This may come as a surprise, but some people look at buying private number plates as an investment. The simple idea is that private number plates are valuable and are unique. Whatever plate you buy, there can be no other like it. So, if you grab a plate that is a popular name or perhaps something clever or funny, it should retain its value. In fact, if you manage to get one at a good price, chances are you’ll be able to resell it at a profit to yourself. Of course, like with any investment, there’s some risk involved and no guaranteed successful tactic, but then maybe that’s part of the charm. The fact that there is a little bit of risk involved makes it more exciting!
For many people, adding a personalised plate is a way of making their car stand out from the crowd. The simple truth is that lots of cars these days look pretty similar, and some people don’t like the fact that their car just looks like everyone else’s! This is especially true if you’ve bought a popular car in a common colour. Now, of course, you could just choose to paint your car a wacky colour, but this can have a knock on effect regarding resale value. So, the wiser choice, and also the classier choice, is to get a private number plate to achieve that uniqueness!
Now, there’s no getting round it, some people just like to show off that they can afford to buy a personalised plate. It makes sense, after all lots of people take a huge amount of pride in their car, seeing it as an extension of themselves. Viewed this way, personalised number plates can function the same way that expensive jewellery does on footballers and rappers – it’s simply a way of showing people that you’ve made it to the big time!
Finally, if you run a business with a small fleet, it can be a great piece of branding to invest some matching plates for your vehicles. It catches the eye, and it sticks in people’s minds – especially when you have a captive audience at red lights or in traffic jams. Something funny or clever might just win you that little bit of extra business by setting you apart from competitors. Viewed this way, maybe the plates will pay for themselves in business won!
Article by Menswear Style
Although it might seem like an unimportant piece of fabric around your neck, the shirt collar is actually a meaningful feature. Not just now, but throughout history. For example, in the 1500s, the rough collar – a pleated frill was worn throughout Europe to symbolise aristocracy. The bigger the frill, the higher your status. Moving onto the 1600s however, you would have seen the transition towards the falling band collar, a much subtler lacy decoration that was sometimes worn by high ranking officers and commanders.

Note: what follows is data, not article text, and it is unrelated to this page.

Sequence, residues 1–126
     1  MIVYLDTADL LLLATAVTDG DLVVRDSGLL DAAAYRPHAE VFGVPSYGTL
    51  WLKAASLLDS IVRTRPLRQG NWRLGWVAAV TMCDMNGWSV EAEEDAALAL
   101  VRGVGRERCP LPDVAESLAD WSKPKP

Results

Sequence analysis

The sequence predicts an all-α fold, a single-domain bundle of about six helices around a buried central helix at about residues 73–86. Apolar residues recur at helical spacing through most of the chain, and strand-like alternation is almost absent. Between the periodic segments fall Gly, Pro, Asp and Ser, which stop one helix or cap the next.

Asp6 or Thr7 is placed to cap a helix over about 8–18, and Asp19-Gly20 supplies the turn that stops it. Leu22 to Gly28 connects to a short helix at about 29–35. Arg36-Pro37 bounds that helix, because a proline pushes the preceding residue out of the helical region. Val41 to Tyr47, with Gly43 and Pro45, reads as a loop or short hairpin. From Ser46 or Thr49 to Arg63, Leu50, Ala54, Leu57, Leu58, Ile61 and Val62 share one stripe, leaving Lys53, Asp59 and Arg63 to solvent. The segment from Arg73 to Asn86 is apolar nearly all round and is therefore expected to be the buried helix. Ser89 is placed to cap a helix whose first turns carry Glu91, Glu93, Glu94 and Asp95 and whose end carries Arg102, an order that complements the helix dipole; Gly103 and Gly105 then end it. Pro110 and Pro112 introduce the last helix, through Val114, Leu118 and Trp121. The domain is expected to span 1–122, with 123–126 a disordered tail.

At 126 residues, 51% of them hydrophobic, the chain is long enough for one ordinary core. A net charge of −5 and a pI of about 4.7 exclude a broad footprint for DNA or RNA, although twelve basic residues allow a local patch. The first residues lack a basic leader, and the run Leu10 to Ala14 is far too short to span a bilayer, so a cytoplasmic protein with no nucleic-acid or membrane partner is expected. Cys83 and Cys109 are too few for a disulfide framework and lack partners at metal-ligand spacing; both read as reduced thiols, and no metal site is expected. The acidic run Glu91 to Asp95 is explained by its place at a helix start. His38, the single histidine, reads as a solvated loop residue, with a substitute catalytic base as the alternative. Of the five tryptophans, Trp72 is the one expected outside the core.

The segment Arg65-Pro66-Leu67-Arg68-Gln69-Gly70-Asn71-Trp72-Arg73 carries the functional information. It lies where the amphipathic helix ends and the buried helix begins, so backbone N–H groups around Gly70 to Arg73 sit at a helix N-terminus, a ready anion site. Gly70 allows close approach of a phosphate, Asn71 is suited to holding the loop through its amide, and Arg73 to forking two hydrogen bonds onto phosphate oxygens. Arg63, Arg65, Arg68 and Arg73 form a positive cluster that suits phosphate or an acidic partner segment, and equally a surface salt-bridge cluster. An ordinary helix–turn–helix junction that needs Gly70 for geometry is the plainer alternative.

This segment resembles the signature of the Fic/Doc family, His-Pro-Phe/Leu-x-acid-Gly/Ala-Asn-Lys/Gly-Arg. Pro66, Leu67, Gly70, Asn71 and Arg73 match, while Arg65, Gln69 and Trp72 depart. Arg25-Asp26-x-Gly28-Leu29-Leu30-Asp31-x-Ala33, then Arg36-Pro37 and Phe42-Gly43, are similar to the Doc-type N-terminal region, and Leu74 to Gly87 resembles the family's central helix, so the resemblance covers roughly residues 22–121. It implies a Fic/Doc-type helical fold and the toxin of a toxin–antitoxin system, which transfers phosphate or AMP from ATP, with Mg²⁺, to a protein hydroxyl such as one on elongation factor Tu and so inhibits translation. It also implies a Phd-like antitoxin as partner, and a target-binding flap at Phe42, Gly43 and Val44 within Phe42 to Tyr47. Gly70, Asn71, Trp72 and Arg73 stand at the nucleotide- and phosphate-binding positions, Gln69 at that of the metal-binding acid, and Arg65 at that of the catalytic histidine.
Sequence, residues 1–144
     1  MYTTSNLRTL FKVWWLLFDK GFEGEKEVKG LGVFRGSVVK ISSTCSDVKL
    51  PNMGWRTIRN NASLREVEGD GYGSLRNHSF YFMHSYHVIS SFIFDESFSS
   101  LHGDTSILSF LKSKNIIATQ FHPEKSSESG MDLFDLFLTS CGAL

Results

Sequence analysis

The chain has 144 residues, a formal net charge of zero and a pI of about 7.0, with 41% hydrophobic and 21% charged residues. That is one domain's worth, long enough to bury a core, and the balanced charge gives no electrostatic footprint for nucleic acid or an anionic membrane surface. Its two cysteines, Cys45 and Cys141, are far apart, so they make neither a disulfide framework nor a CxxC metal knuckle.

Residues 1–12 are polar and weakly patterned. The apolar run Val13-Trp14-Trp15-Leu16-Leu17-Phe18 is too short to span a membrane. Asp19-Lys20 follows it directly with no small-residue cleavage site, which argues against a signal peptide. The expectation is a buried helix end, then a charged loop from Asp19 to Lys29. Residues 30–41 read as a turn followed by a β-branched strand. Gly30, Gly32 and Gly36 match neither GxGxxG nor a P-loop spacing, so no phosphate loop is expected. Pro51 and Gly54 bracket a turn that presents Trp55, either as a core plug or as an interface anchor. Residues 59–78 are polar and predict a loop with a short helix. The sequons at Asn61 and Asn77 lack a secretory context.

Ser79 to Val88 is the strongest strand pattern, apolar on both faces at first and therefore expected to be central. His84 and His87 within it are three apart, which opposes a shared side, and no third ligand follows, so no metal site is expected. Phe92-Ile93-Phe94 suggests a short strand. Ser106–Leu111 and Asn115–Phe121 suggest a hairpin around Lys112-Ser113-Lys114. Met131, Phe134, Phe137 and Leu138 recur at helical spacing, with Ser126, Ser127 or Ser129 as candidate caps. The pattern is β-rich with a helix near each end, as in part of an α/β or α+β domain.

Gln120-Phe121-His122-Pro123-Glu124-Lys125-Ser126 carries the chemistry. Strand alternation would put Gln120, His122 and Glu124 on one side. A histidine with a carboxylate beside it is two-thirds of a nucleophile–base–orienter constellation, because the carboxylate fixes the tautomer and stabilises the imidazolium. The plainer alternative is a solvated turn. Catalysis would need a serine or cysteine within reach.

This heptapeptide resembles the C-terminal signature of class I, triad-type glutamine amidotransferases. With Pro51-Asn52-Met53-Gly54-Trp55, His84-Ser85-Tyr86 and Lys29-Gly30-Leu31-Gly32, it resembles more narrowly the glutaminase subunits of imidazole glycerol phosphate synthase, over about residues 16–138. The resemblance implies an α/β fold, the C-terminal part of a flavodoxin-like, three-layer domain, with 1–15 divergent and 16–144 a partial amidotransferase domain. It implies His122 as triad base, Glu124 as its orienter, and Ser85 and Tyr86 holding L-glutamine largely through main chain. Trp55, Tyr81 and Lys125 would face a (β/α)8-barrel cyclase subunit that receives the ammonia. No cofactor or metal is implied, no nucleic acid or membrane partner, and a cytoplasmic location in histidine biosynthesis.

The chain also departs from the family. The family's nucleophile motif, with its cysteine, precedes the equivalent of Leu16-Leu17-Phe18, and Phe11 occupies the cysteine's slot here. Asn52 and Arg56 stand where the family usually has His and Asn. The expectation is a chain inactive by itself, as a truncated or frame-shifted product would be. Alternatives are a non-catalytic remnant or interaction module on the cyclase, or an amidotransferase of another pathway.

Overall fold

Jumping ahead to the 19th century; the more decorative, ruffled collars were labelled as non-masculine and became a thing of the past. This was largely down to the popularisation of the Gladstone collar – a standing, Victorian collar that was worn by British Prime Minister William Edwart Gladstone – yes, they named the collar style after him! This collar was specifically pressed at the points so they would stick out at the side-fronts. It is also considered the inspiration for today’s wing collar – a style commonly used on men’s formal shirts and by barristers in the UK.
Collar styles have also been significantly influenced by celebrities. For example, American actor John Barrymore made the headlines when he styled a turnover shirt collar with long points. His high-profile lifestyle led to the style being deemed the Barrymore collar. This style eventually reappeared in the 1970s, but it was renamed the tapered collar and was often accompanied with fashionably wide ties. Famous events have played their part too. Most commonly worn with an ascot tie, a stock collar (also named ascot collar), was frequently seen throughout the 1700s. A very tall standing collar, this was mostly worn at the Royal Ascot by the gentry and upper class.
One collar in particular – The Eton collar (also known as the clubbed collar), originated from Eton College, an English boarding school in the 19th century. This was the school for young British up-and-comers, so they had to dress to impress. However, the school actually introduced the club collar to make their students completely distinguishable from the common public school. They took the standard collar points and simply rounded them off, and thus the Eaton collar was born. It soon became known as the club collar in reference to the ‘special club membership’ it represented.
Want to learn more about how collars have evolved to become what they are today? This animation, created by Savile Row Company, will give you an illustrated snapshot of the fascinating, untold history.
Article by Menswear Style